What a day! We headed out of Seyðisfjorður with plans to go to Höfn but decided to take a right at the intersection to Egilsstaðir to head to Borgarfjörður instead. Since we didn’t make it to Skalanes to see the puffins, we thought we’d try our luck in Borgarfjörður. So another windy, snow-squalled trip filled later, we arrived.
When we got the viewing platform about 5km from the edge of town, we thought we might be in for disappointment as there were initially only gulls. But a short walk up the stairs to the second set of platforms and there they were, Atlantic puffins! They are adorable so it’s no wonder they are so popular.
This is the odd little vending machine hut on the road from Egilsstaðir to Borgarfjörður. We didn’t have any chance and honestly didn’t want to wait 10 minutes to start the machine to buy a cold drink in this weather but it was a fun little road side stop in ”the middle of nowhere”.
For lunch we headed off to Höfn and actually got there at 4:00, later than planned but the puffin trip was worth it. We stopped at Kaffi Hornið and shared a plate of grilled locally caught langoustine. They are closer in taste to shrimps but I definitely taste the ocean freshness. It was a really nice afternoon treat.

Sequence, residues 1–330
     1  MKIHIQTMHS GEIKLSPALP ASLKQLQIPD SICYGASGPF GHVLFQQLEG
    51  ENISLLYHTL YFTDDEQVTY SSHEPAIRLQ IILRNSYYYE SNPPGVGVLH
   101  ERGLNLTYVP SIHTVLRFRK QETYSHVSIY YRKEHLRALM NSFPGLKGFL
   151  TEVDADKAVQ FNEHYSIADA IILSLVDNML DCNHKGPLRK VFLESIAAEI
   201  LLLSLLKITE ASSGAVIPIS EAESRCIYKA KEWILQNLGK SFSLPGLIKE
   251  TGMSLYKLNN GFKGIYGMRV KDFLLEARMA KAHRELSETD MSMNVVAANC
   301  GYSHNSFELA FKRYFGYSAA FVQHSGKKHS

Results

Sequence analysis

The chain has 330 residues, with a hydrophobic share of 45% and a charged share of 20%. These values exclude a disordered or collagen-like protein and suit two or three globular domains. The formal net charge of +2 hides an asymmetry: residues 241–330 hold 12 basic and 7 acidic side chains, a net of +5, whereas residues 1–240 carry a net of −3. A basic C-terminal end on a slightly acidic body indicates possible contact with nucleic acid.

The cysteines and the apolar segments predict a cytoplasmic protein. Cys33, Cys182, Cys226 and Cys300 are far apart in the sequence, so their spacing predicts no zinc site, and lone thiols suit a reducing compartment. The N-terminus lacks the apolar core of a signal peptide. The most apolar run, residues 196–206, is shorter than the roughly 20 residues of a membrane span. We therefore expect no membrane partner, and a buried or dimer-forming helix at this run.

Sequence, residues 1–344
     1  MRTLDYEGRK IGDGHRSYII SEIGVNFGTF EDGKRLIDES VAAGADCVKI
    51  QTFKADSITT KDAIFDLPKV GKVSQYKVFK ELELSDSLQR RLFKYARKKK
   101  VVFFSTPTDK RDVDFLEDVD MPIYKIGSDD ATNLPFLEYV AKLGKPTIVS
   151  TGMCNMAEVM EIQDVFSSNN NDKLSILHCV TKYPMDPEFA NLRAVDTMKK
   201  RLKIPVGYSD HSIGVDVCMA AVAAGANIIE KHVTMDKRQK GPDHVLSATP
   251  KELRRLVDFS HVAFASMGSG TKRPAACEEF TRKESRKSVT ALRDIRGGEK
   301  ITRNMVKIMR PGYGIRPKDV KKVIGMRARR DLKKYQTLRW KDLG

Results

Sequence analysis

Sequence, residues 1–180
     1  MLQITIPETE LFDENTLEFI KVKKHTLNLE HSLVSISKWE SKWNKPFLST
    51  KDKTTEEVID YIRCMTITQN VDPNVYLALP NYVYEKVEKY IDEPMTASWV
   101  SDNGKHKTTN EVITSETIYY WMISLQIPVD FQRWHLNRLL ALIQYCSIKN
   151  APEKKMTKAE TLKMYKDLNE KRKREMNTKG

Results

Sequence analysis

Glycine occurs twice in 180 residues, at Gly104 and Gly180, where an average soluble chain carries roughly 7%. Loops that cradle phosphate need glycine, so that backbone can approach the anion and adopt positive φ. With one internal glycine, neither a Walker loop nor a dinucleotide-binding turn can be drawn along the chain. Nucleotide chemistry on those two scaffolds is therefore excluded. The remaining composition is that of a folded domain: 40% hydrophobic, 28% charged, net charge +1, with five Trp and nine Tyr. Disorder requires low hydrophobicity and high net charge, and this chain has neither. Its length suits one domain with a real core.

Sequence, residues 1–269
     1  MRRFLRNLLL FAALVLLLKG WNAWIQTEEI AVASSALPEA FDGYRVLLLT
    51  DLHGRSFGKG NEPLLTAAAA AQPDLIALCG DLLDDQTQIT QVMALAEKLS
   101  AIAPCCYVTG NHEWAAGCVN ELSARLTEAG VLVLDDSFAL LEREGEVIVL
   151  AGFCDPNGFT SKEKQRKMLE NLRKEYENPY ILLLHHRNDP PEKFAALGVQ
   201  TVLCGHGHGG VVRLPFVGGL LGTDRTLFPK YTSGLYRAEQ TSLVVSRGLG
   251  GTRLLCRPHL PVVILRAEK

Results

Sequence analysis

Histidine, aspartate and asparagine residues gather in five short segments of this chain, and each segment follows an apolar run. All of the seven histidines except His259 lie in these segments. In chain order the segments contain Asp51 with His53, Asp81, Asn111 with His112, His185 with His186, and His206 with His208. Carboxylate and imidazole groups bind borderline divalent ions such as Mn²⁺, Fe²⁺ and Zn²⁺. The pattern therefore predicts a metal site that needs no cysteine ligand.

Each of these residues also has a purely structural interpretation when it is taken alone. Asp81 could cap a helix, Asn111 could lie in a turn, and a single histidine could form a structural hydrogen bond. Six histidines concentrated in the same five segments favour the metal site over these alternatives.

On the road we encountered a few reindeer friends!
After Höfn, we headed off to Jökulsárlón. What a surprise when we got there. It appears out of nowhere. In the blink of an eye, you’re driving towards a glacier filled lagoon. It’s hypnotic, mesmerizing. We spent quite a bit of time just watching the icebergs float around; if it weren’t for the cold, I could have easily lost track of time there. We also spotted more arctic terns and watched as they did their ”death-dive” to catch fish. We weren’t charged by any terns today so it was a good day. We actually hid behind a hill so I could take pictures as they flew over. There were also seals swimming in the lagoon.
We arrived at Hotel Höf at around 8:00pm.
The Suzuki had quite a day.
We then took at walk at Svínafellsjökull, just south-east of the famous Skaftafelljökull. There was another car parked there but we seemed to be the only one there. You only have to walk a couple of meters to see the glacier and a short hike up gives you an amazing view of the glacier and a glimpse at Vatnajökull. It was kind of eerie walking up the glacier late in the evening with no one else there; the sharp mountain cliff of one side and a gigantic glacier on the other. We saw the short bridge that leads onto the glacier – a glacier walk would be quite the adventure! Maybe next time, and certainly with an experienced guide. Glacier hiking is a dangerous activity.
With its landscape full of sharp cliffs, rolling fjords, large boulders, mossy grassy fields, and a never ending ebb and flow of fog, it´s no wonder there’s a lot of magical stories in Iceland. I wonder if I’ll meet a troll just around the corner.
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